The effects of filming in Hawaii

The effects of filming in Hawaii

Lainey Shankle, Staff Writer

Many famous movies and TV shows have been filmed in Hawaii, from classic action movies like “Jurassic Park,”to comedies like “50 First Dates,” to TV series like “The White Lotus”- all of which take advantage of the lush nature scenes and the preconceived stereotypes that their audience will have about the region. However, many people indigenous to Hawaii have pointed out that media like this rarely centers around them and instead focus on using the scenery as a background for the adventures of people vacationing or visiting in general. While some people may see this as appreciation and a possible economic benefit for the people of Hawaii’s economy, there are still many concerns about how Hawaiian culture is being portrayed in these pieces along with the effects of filming in the state. 


Many film productions have framed their wish for filming in Hawaii as an appreciation for the nature and culture of the state. However, there are many economic motivations that have caused film producers to take advantage of the islands for their projects. While filming has often brought in large amounts of jobs, such as the 4,194 jobs it offered in 2018 according to the DBEDT, and has offered large earnings, $167.8 million dollars in 2018, the effects on Hawaii’s spending has negative sides as well. In order to incentivize filming, according to James Charisma for Honolulu Magazine, the state of Hawaii offers a tax incentive of 20%-25% for film producers to film in Hawaii. The price cap of $15 million was recently added to try and prevent overspending for these films. While production in Hawaii can often lead to more jobs and earnings for the states, there is an issue of how much the state needs to pay in order to maintain filming production. 


An issue of representation in films set in Hawaii has often been a problem too. Vox writer Mitchell Kuga expresses his frustration with how Native Hawaiian characters are not centered in media about their home and culture, specifically speaking on how the HBO series “The White Lotus,” uses Hawaiian culture and characters “using Hawaiian folk music the way it uses its few Native Hawaiian characters: as hollow plot devices in service of illuminating the inner lives of the series’s mostly white protagonists.” In the case of “The White Lotus,” the show centers around the lives of a group of tourists as they go through personal issues and growth all set in Hawaii. While there are two Native Hawaiian characters, both of their story arcs are centered around non-Native Hawaiian tourists and how they help those characters grow. While the show makes sure to satirize attitudes of white supremacy and ignorance, the show often misses the mark by not prioritizing showing the long lasting effects of imperialism and instead focusing more on the extravagant lives of tourists in the hotel.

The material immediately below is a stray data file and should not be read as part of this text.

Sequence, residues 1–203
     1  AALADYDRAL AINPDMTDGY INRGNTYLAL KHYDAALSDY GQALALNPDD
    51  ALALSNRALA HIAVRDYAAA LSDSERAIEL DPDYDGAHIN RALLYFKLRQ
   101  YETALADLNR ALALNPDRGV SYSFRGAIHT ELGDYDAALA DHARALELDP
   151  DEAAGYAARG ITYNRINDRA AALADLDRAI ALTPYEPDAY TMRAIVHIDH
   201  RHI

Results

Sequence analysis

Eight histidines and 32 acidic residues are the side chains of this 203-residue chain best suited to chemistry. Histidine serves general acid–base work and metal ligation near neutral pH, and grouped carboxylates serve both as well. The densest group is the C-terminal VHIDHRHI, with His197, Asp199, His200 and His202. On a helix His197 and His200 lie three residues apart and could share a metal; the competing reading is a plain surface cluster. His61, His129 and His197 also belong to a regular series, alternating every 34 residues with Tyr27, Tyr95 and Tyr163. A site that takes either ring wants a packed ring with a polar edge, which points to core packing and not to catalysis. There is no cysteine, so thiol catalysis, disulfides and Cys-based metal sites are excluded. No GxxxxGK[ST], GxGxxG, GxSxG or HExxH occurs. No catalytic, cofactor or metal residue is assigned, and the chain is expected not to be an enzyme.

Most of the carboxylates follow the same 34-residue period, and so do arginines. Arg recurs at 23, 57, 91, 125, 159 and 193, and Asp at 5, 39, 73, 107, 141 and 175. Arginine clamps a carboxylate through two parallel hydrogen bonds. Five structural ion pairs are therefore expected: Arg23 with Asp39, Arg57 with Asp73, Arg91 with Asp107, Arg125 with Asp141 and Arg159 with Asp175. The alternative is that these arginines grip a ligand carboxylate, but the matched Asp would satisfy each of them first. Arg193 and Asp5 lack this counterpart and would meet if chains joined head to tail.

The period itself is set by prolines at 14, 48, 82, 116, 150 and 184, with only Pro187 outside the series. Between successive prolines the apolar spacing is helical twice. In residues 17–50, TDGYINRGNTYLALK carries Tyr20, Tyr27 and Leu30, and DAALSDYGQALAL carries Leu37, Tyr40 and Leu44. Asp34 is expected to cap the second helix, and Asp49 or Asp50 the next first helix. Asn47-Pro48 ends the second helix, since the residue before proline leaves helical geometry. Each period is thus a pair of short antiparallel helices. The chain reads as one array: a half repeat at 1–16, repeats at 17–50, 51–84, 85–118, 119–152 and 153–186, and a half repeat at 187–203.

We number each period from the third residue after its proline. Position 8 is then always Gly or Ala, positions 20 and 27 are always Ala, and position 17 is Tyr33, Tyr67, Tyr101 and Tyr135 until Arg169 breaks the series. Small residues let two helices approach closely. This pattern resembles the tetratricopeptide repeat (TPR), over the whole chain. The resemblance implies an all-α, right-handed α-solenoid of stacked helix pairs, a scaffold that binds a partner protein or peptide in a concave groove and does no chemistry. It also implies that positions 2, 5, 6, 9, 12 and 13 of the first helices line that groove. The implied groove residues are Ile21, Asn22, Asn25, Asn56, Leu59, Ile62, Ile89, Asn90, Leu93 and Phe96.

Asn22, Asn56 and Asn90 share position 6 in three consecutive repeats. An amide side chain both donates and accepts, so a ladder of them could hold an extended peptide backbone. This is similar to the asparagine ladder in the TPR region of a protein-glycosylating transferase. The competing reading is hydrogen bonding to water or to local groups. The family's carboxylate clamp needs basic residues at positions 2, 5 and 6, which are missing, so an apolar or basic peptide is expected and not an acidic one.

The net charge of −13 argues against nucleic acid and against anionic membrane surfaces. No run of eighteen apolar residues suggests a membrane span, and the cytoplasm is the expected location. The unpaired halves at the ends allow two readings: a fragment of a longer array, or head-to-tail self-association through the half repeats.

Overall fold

Kuga further explains how “The White Lotus” portrayal of Hawaii goes further than just plot-line. “This disparity mirrors the current realities faced by Hawaii residents, many of whom feel they are being treated secondary to the needs of visitors,” states Kuga who goes on to explain specific instances of the Hawaiian government prioritizing tourists over the people who actually live in Hawaii. One instance was when there was a drought last July which led to a threat of a $500 fine for Maui locals who used water while many of the resorts, similar to those portrayed in “The White Lotus,” remained unchecked and unfined for their water use. 


While plot lines and characters of movies and television set in and filmed in Hawaii are often lacking in representation, there are still other problems that arise when it comes to the actual logistics of filming in Hawaii. There are specific rules that must be followed according to the state of Hawaii’s film counsel. Some of these rules contain specifications about protecting the environment while others are more centered around either helping set boundaries for communities surrounding the film set or the cultural significance of the area. 


These rules are often adhered to, however there have been instances of production companies failing to respond to complaints from surrounding communities about difficulties with the filming environments. Michael Brestovansky reported to the  Hawaii Tribune-Herald  how neighbors of the ITV television program “Love Island” struggled to cope with conditions such as trucks driving early in the morning, bright lights, and amplified audio from the set. Despite the fact that numerous complaints were made, there were still difficulties surrounding the issue. The issue was complicated by the fact that the filming permit was technically obtained by the book, however the employee who gave it to ITV ended up retiring before filming and there were difficulties in resolving the issue. 


While filming in Hawaii has often helped support their economy, there are still negative effects of using the state as the setting for films and television. There has been a long history of ignoring the cultural significance of the areas where filmmakers have set their stories that have caused many Native Hawaiians to be concerned regarding how their home and culture is being portrayed to the public. Along with this there have been negative effects for those living in Hawaii that have made many wonder just how much money this industry is actually earning from the state after tax incentives and whether or not the challenges posed by the filming is worth that money. Because of all of these challenges regarding filming, there have been pushes from both Hawaiians and the Hawaiian government to center Hawaiian voices and narratives in filming by involving local writers in many films set in Hawaii.